Sometimes, I worry that I only write reviews on this blog (and in general) when I've read something I dislike. Not that I think I'm unfair in my bad reviews--I try to give specific, concrete reasons why I dislike something, and I like to think I'm fair, even if I admit that I can be cruel.
But what I worry about is that if people read only negative reviews, they'll start to think that I'm actually a negative person. I worry that I'm coming off as a grump, a curmudgeon that doesn't like anything at all. Whereas in fact, I'm a grump and a curmudgeon who likes a lot of things. (Rimshot.) I just find it harder to talk about the things I like than the things I dislike.
Because the fact is, it's a lot easier to write a bad review than a good one. A bad review can point to specific areas where improvement is needed, giving concrete and constructive advice like, "These two characters are telling each other information that both of them already know, solely to provide exposition for the audience. That's a mistake." Or, "A car chase scene doesn't work nearly as well in a book as it does in a movie. Work to the strengths of your medium." Or, "Research is important to a believable and well-crafted book. If you're going to use intelligent zombie rats and mice in your novel, you should do some reading on actual rats and mice, so that your book doesn't wind up filled with plot holes because you don't understand just how hard it is to 'rat-proof' a building." (Um, sorry, Brian Keene, author of 'City of the Dead'. But it's all true.)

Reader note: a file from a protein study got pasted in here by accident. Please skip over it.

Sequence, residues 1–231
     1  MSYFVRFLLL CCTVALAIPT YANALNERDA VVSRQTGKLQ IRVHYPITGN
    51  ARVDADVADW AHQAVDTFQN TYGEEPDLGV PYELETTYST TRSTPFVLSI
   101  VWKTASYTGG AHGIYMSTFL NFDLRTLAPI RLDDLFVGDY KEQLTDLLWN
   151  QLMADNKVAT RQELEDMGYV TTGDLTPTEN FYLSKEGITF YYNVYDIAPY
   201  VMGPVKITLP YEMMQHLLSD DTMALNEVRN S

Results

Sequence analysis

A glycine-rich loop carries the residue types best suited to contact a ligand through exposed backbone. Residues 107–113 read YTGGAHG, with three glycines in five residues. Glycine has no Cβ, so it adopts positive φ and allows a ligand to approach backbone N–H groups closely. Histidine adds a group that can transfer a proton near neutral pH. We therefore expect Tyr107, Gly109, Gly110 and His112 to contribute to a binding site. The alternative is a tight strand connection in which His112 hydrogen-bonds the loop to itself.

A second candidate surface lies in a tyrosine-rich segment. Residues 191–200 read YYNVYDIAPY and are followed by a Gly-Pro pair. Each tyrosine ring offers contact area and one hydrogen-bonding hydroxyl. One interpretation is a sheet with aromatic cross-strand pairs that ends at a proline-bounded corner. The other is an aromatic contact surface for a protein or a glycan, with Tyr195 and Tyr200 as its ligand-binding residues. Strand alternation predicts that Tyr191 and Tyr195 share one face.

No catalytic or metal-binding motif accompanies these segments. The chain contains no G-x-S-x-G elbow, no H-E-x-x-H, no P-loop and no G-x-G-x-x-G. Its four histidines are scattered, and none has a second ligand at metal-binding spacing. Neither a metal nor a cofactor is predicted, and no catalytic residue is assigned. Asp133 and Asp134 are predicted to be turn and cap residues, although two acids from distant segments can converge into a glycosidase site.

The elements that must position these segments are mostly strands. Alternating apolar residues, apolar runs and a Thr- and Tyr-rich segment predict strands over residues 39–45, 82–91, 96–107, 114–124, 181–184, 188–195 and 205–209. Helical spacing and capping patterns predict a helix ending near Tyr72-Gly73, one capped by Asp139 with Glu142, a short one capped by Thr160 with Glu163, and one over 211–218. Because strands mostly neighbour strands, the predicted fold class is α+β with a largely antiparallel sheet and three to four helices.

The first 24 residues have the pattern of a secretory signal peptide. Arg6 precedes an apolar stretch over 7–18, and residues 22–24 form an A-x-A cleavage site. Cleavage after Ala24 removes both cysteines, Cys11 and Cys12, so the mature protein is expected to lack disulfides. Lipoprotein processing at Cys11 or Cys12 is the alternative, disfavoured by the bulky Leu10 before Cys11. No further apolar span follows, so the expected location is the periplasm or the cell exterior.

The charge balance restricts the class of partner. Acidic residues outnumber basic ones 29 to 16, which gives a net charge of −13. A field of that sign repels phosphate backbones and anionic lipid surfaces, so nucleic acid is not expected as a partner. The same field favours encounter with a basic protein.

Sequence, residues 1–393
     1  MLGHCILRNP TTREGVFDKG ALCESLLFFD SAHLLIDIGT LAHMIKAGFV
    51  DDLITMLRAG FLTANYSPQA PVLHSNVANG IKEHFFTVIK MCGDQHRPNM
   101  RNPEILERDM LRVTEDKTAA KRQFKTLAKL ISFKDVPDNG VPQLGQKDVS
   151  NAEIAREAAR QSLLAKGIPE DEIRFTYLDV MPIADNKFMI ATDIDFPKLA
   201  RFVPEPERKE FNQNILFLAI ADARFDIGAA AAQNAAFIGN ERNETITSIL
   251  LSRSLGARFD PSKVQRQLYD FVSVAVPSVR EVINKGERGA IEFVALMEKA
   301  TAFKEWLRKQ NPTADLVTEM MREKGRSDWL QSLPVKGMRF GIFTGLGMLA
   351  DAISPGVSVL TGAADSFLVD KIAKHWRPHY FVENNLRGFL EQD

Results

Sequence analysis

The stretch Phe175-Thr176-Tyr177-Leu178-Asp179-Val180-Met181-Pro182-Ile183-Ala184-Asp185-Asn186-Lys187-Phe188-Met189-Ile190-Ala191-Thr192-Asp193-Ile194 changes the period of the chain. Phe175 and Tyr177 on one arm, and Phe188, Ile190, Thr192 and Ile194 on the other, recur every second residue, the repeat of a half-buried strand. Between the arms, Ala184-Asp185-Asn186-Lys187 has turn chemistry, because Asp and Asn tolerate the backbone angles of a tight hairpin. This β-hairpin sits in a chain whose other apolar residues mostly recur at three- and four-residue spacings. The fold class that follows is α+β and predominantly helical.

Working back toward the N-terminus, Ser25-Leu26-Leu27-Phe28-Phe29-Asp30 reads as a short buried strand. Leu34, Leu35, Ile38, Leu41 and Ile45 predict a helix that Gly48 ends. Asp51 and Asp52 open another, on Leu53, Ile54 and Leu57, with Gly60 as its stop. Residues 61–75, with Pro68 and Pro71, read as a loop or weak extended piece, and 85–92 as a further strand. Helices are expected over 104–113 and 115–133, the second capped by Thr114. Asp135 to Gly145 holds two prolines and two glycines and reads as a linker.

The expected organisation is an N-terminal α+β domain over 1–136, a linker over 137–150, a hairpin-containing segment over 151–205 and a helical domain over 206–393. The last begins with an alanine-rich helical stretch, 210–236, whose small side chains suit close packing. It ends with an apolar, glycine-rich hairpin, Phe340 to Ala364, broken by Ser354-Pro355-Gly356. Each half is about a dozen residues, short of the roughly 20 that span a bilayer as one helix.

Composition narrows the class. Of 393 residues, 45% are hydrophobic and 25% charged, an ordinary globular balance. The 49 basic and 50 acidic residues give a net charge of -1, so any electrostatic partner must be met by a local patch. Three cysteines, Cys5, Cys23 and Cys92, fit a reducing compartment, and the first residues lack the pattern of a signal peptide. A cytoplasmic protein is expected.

But a good story...it touches the soul. Whether comedy or tragedy, horror or romance, there's an indefinable element to the alchemy it produces in its audience. When you describe something truly brilliant, eventually all you're left with is synonyms for "good". You can say "the characterization is wonderful," you can say "the story was brilliant", you can say "the acting was amazing", but you can't ever really describe why. That brilliance exists on a level deeper than words. The sentence, "If Bruce Springsteen had ever recorded 'Born To Lurk', these two would have been on the album cover," cannot be pinned down or quantified to explain exactly why it is funny. It just is. There is a transcendent comic genius to Simon Pegg jump-kicking an old lady in the head that you cannot explain to anyone who has not seen 'Hot Fuzz' for themselves--and you'll get some odd looks if you try. The end of 'The Kindly Ones' will always bring tears to my eyes, but I can no more explain why than I can tell you why 'Slither' terrifies me.
Which is, of course, what we love about these stories. It's why we make art, to create something that transcends a mere description of its contents. But it does mean that ultimately, any good review can only say, "Go and experience this for yourself. I cannot do it justice." And you feel silly writing that every time.